Supreme Court skeptical on keeping Ref. 71 petition names secret: Democracy takes 'civic courage'
The Supreme Court seemed skeptical of arguments that the names on the petition asking for the repeal of Washington state's domestic partnership rights should be kept secret.
Seattle Times staff reporters
Church-state decisionIn a significant shift away from church-state separation, the Supreme Court gave its approval Wednesday to displaying a Christian cross on government land to honor war dead, saying the Constitution "does not require the eradication of all religious symbols in the public realm."
By a 5-4 vote, the justices reversed lower courts in California that ordered the U.S. Park Service to remove an 8-foot-tall cross that has stood in various forms in the Mojave National Preserve since 1934 as a memorial to World War I soldiers.
The long-running dispute over the Mojave cross was the first church-state case to reach the high court since John Roberts became chief justice five years ago.
Justice Anthony Kennedy's opinion recasts the law in a way that will make it harder to challenge other religious displays, such as the Ten Commandments or depictions of Jesus' birth during the Christmas season.
Los Angeles Times
WASHINGTON — In a hearing punctuated by sharp questions, U.S. Supreme Court justices Wednesday seemed skeptical that people who sign ballot petitions — including one that sought to overturn a gay-rights law in Washington state — should remain anonymous.
"Running a democracy takes a certain amount of civic courage," Justice Antonin Scalia said during oral arguments in a case brought by conservative groups trying to keep Referendum 71 petition signatures secret. "The First Amendment offers no protection against criticism or even nasty phone calls."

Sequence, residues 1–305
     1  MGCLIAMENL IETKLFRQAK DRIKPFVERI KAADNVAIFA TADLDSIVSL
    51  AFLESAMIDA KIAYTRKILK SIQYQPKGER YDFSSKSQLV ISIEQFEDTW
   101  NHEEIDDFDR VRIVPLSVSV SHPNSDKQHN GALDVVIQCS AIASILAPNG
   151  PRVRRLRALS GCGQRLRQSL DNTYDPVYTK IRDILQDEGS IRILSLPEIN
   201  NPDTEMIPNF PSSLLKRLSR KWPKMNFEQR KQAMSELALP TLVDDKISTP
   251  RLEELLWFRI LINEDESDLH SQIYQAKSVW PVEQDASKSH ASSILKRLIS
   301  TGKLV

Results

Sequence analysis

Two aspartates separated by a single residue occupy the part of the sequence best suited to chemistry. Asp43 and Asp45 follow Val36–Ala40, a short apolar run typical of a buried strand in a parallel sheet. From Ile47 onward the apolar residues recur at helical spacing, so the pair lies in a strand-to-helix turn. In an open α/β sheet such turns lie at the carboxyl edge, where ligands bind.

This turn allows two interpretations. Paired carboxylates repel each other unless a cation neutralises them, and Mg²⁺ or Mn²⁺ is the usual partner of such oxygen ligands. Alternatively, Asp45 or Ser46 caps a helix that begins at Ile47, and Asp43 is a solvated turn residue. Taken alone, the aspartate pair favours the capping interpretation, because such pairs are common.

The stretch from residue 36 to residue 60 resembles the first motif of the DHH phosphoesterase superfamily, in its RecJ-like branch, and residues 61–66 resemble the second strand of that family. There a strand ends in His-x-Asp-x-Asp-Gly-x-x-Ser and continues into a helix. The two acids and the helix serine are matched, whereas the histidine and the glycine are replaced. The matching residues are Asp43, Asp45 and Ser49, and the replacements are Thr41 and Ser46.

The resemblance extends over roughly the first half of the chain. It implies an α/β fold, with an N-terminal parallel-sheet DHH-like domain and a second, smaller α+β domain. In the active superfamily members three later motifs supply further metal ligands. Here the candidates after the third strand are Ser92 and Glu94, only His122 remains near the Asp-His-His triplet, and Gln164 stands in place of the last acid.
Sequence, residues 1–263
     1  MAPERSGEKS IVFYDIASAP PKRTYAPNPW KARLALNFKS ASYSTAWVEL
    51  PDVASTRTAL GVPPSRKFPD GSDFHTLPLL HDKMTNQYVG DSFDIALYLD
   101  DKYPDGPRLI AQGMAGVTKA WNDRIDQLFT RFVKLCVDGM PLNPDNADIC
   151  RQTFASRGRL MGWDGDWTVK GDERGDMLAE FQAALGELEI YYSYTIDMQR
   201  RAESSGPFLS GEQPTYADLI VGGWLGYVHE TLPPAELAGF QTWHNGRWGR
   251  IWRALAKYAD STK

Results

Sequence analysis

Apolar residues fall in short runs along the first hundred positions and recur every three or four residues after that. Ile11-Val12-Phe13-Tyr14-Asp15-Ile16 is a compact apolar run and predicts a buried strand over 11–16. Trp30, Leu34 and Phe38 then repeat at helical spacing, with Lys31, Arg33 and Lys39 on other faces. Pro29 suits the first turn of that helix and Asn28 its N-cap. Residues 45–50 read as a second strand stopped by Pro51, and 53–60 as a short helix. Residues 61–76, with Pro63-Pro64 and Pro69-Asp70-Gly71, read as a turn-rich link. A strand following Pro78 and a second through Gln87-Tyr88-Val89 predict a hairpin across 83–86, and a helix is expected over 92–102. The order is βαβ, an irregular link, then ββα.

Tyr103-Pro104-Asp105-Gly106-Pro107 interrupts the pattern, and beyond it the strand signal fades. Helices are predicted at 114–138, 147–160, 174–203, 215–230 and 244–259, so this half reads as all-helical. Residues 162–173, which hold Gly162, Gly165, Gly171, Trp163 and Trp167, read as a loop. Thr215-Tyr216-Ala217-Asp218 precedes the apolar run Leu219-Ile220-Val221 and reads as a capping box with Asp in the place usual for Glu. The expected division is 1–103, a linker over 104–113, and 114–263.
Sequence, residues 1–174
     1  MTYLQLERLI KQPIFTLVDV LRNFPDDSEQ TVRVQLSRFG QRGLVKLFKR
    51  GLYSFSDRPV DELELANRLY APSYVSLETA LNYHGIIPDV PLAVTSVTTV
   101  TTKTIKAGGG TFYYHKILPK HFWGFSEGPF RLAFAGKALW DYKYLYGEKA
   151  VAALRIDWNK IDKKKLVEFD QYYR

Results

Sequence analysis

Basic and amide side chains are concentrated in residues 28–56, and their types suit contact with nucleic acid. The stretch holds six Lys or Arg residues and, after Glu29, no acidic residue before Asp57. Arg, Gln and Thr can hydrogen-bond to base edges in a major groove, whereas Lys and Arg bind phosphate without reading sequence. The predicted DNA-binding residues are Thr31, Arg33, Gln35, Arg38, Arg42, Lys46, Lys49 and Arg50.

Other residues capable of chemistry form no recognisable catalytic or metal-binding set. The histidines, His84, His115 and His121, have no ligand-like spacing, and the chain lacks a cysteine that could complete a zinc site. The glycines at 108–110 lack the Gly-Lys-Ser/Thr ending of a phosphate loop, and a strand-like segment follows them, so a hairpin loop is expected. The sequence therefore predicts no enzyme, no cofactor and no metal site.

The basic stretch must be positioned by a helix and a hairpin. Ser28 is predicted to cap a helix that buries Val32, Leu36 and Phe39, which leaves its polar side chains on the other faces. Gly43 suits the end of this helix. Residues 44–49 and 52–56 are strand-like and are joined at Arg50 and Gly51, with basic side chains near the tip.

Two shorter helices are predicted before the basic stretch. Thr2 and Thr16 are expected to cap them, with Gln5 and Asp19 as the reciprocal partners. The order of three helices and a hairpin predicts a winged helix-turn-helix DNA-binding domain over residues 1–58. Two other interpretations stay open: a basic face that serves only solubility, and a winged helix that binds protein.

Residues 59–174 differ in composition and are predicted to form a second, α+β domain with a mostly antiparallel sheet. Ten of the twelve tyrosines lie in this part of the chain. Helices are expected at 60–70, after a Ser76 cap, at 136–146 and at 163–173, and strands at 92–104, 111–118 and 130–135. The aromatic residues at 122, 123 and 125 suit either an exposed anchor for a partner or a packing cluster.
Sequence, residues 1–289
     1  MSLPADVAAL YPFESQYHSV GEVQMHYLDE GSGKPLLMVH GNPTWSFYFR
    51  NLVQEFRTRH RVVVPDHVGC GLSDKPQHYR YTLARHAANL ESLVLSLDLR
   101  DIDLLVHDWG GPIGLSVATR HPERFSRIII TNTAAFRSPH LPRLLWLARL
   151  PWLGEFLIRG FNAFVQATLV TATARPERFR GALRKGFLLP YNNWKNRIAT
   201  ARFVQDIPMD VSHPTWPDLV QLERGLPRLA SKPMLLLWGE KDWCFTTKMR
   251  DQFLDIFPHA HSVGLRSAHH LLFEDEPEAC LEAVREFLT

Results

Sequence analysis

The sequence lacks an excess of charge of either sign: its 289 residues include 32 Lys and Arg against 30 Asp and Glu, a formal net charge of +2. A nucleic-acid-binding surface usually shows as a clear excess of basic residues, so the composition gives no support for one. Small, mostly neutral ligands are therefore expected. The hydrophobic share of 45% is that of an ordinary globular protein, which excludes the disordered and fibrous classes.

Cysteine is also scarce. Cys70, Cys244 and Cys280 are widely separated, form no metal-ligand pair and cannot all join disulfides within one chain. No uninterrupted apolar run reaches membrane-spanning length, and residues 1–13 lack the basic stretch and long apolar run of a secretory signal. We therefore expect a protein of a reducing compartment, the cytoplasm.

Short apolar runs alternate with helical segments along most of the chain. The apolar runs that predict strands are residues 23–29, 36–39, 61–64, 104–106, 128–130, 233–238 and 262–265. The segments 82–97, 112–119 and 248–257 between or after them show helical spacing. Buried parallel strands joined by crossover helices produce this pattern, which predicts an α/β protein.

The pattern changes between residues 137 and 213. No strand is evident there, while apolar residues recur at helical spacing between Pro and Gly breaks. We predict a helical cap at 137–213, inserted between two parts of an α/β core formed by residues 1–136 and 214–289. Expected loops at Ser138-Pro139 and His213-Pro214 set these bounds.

Scalia was one of several justices who appeared unpersuaded that signing a ballot petition is political speech deserving the highest degree of protection. Rather, they homed in on the broad implications of granting blanket exemption to all initiative or referendum petitions from public disclosure.
The case, Doe v. Reed, arose out of a 2009 Washington law granting gay and lesbian couples registered as domestic partners the same state rights as married people. Opponents sought to repeal the law through Ref. 71. The measure qualified for last November's ballot, but 53 percent of voters opted to uphold the expanded benefits.
Even before the Ref. 71 petition began circulating, a gay-rights advocate announced he planned to obtain the signers' names — as permitted under the state Public Records Act — and post them online.
Ref. 71 sponsors said such disclosure would scare supporters away from exercising their right to free speech. They filed suit to keep the names secret.
Ultimately, 138,000 people signed the measure in little more than two months, exceeding the 120,577 signatures needed to qualify for the ballot.
The high court is tackling an issue without direct precedent: whether signing a petition is protected speech or a public act, and where the balance lies between individual privacy and public information to foster democracy.
Wednesday's case was the final oral argument for the court's term, and the final one for retiring Justice John Paul Stevens.
Several justices appeared skeptical of the case made by James Bopp Jr., the plaintiff's attorney, that disclosing the names on petitions on any topic significantly intrudes on the First Amendment.
Scalia pounced first, interrupting Bopp as he argued that the Constitution protects against forced disclosure of beliefs and identities.
"What about disclosure of campaign contributions?" Scalia asked.
"Do you think it's unconstitutional?" Scalia added, forcing Bopp to acknowledge dryly that "this court has upheld the disclosure in Buckley v. Valeo in 1976."